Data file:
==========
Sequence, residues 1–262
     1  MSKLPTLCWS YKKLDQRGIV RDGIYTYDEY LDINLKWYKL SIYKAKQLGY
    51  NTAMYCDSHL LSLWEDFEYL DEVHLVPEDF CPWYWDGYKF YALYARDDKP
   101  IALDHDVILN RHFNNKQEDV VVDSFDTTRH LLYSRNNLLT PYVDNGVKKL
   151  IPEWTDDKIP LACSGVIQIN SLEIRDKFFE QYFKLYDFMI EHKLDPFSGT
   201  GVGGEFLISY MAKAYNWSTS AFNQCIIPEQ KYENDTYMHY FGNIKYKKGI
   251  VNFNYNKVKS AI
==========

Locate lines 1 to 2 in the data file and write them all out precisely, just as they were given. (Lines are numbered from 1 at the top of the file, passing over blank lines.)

Sequence, residues 1–262
     1  MSKLPTLCWS YKKLDQRGIV RDGIYTYDEY LDINLKWYKL SIYKAKQLGY